|Jay O. Sanders and Edward Herrmann star as Galileo and Pope Urban VIII, respectively, in ''Two Men of Florence.'' (T. Charles Erickson)|
Seeing vs. believing
Science and faith collide in 'Two Men of Florence'
At the center of "Two Men of Florence" lies a gripping idea for a play: the battle between Galileo and the Roman Catholic Church. But around that idea revolve so many dense speeches, stock characters, and heavy-handed displays of stagecraft that the center cannot hold.
Richard N. Goodwin, the noted speechwriter and political observer, has said that he was drawn to the figures of Galileo and his ecclesiastical opponent, Pope Urban VIII, in part because they were not so different as they appear to us today: The pope was a man of intellect, the scientist a man of God. From this idea Goodwin developed his play, produced in England as "The Hinge of the World" and now making its US debut at the Huntington Theatre Company as "Two Men of Florence."
If only the play were simply these two men of Florence. Their argument - over whether, as Copernicus posited, Galileo argued, and Urban disputed, the earth revolves around the sun, in apparent contradiction of the Bible and church doctrine - is a turning point in the road to modernity, and the details of their battle are more complicated than we remember from grade school.
Galileo did, after all, recant (though it's unclear whether he actually went on to whisper, "e pur si muove" - "nevertheless, it moves" - and he doesn't do so here). Moreover, Goodwin reveals both men as fascinating and complicated human beings, full of intellectual curiosity and spiritual passion.
But he has also surrounded them with a small army of secondary characters - priests, Cardinal Richelieu, Galileo's daughter the nun, hooded monks, Johannes Kepler - and then loaded them down with more argument, exposition, and flowery description than any characters on earth could carry.
What's frustrating is that, buried under the barrage of words, there are some wonderful lines. Even Kepler gets one: Describing Galileo's unprecedented use of experiment and observation, rather than unaided reason, to study the universe, he says: "Now God has found himself a philosopher with hands, and we begin to understand the wonders of Creation."
"A philosopher with hands" - such a neat distillation of Galileo's gifts. But the phrase is hidden in a full paragraph of speech, which itself is stuck in the middle of a whirl of vignettes that take us from Tuscany to France to who knows where for a glimpse of reactions to Galileo's work in each spot.
Some of the busyness, no doubt, can be attributed to director Edward Hall, who worked with Goodwin on the original production and has restaged it here, complete with a dizzyingly effective turntable, myriad stars and candles, and all the sumptuous robes a pope could desire - all exquisitely designed by Francis O'Connor, with lights by Ben Ormerod. But the turntable and the stars and the rest are all what the script demands, and while they're sometimes visually striking, the stage effects don't build to create an emotional one.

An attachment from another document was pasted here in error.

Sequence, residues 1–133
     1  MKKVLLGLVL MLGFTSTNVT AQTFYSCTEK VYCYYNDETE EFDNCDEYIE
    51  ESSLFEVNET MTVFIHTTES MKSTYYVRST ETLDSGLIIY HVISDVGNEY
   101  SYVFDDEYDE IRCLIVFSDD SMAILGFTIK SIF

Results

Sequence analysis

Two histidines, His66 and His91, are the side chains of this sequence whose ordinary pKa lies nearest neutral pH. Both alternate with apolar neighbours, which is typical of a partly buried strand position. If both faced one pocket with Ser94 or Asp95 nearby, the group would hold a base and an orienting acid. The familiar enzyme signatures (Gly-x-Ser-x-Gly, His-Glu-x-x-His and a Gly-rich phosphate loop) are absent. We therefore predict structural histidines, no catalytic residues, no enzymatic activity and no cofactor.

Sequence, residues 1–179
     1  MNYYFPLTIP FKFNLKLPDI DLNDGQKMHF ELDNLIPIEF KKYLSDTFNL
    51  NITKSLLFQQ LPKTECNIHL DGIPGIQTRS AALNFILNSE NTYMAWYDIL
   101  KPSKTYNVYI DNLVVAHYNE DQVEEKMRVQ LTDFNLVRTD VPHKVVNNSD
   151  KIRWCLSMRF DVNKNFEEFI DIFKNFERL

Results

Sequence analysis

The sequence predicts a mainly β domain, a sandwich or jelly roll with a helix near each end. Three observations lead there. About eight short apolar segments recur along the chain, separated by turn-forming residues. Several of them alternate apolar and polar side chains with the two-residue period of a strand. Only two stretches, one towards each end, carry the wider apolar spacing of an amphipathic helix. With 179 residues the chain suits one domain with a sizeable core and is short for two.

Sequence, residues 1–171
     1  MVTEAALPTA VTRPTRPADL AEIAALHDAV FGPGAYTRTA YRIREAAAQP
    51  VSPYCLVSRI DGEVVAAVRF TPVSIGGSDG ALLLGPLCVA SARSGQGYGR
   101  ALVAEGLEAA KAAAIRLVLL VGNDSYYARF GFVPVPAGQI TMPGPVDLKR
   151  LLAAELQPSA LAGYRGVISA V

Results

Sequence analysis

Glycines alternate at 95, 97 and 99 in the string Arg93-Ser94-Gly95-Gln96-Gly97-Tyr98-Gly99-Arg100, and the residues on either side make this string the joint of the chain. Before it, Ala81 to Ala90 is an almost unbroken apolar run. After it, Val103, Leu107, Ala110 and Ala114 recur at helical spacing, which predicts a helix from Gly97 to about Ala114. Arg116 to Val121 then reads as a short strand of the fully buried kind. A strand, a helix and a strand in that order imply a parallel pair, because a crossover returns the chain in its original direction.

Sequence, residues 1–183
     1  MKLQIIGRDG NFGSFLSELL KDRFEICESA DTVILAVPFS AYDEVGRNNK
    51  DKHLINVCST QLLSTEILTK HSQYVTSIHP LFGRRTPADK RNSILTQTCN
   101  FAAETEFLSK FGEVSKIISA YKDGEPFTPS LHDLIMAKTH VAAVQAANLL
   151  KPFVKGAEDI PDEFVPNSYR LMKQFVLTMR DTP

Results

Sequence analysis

As with the design, so with the acting: There's a great deal of technical proficiency on display, but that's not enough to engage us with the play on a deeper level. We can admire the actors' skill in dealing with the rotating platform and the dangling lights - and admire even more their ability to give shape and dynamic variety to these huge mouthfuls of words - but we are rarely, if ever, free to relax into the play and just let it take us along.
Jay O. Sanders brings great energy and vivacity to the bearish, bearded Galileo; Edward Herrmann is generally more subdued, and often more quietly effective, as his admirer-turned-adversary Urban VIII. But Herrmann also has the less cliched role: We don't often see a stage pope who's allowed to have a brain (even if he ultimately refuses to use it), while the inspired, scorned, impatient, charismatic genius is all too familiar a figure.
Goodwin has played a little loose with history in making Galileo's illegitimate daughter his lab assistant, rather than a cloistered nun, but the role of Sister Maria Celeste brings a welcome break from the otherwise all-male cast, and Molly Schreiber invests the character with a subtle piety and glowing intelligence that make her a worthy companion to the Catholic scientist. Galileo's and Maria's scenes together also tend to have a lighter, less didactic tone - though even they are sometimes underscored with the crashingly literal, movie-style music of Simon Slater that punctuates most of the play's turning points.
"Two Men of Florence" has flashes of engaging argument, loads of historical detail, and a few dazzling moments among the stars. Nevertheless, with apologies to Galileo, it does not move.
Louise Kennedy can be reached at email@example.com.